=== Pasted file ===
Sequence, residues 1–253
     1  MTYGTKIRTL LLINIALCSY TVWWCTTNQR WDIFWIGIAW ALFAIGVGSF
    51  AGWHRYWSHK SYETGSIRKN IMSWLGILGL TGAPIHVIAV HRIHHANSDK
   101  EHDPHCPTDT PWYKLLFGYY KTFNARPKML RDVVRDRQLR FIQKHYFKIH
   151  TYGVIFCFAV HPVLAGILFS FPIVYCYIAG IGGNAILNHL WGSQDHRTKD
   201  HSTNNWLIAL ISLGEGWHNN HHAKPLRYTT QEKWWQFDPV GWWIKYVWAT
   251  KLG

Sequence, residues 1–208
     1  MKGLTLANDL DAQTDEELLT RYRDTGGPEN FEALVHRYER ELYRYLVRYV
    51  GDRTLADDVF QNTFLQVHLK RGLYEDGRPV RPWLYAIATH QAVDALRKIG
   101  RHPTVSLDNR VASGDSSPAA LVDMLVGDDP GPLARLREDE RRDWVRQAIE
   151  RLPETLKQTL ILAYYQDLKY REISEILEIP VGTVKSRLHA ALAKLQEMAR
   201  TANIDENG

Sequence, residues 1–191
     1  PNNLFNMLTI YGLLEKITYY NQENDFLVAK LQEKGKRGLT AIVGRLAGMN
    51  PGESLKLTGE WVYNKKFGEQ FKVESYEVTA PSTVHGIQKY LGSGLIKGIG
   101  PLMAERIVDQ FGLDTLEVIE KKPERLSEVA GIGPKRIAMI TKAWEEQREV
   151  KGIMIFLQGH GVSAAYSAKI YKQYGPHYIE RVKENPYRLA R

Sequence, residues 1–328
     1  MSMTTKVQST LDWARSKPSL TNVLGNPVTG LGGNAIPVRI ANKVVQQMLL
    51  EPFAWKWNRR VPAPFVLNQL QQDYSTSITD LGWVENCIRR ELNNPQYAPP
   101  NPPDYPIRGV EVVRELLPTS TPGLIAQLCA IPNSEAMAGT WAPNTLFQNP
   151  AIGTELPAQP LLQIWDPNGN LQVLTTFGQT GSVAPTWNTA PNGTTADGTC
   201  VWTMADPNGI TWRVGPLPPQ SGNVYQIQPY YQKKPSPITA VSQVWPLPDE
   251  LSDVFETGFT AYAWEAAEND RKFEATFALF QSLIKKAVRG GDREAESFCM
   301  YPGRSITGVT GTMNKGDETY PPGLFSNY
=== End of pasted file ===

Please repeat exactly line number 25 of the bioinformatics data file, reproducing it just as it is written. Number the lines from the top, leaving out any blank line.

   251  LSDVFETGFT AYAWEAAEND RKFEATFALF QSLIKKAVRG GDREAESFCM